Most workers in Tennessee and around the country are protected from workplace discrimination issues such as age, race religion and gender. However, there is a large group of workers who are not protected by employment law. That group is made up of the independent contractors, freelance workers and other contract workers who makeup an estimated 15 to 30 percent of the American workforce.
Many people nearing or at retirement age go into work as part-time freelance or contract workers. A man in another state who had a long and successful career as a Human Resources executive signed on with his old company to teach employee training courses. He received positive evaluations from his students and was looking forward to increasing his class load. He was informed that his services were no longer needed.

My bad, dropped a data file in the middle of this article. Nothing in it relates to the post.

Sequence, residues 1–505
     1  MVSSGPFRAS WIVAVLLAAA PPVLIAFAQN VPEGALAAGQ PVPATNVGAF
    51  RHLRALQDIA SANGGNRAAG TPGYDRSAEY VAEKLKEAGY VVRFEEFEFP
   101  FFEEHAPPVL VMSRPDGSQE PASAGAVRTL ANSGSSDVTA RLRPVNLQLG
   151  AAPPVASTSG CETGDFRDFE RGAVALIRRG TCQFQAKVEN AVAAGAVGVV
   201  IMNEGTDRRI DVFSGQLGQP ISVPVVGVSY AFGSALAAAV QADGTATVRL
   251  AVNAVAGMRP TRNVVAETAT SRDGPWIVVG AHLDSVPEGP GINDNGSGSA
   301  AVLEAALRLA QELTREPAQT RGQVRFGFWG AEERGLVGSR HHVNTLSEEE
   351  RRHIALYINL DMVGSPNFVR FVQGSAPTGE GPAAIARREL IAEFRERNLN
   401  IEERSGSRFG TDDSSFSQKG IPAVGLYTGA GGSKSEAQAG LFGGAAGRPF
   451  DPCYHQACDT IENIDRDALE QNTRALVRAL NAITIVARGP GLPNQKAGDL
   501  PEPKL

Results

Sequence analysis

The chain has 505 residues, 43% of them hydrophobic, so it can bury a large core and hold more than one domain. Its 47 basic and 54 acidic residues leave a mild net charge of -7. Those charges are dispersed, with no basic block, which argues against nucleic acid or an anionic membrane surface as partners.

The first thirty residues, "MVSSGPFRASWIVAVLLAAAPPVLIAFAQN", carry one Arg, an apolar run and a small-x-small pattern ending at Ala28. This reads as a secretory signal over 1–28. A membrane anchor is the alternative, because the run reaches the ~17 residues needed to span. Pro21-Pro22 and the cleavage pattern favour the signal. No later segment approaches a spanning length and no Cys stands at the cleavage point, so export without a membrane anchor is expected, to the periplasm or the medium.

The company claimed that it had more people willing to teach than positions to fill and therefore couldn't satisfy all requests for assignments. The man who had been teaching and had been the HR executive was 70 years old at the time he was told his services were no longer needed. He said that had he been a full time employee of the company he believed he would have had grounds for an age discrimination case, but that as an independent contractor the law does not apply to him.
It is true that independent contractors do not enjoy the same job protections as company employees. Sometimes the line between the two is not necessarily clear. A person in Tennessee who feels he or she may have been discriminated against because of age, race religion or other reason, may want to speak with a lawyer experienced in employment law. An attorney can review the situation and advise the client as to what options may be available.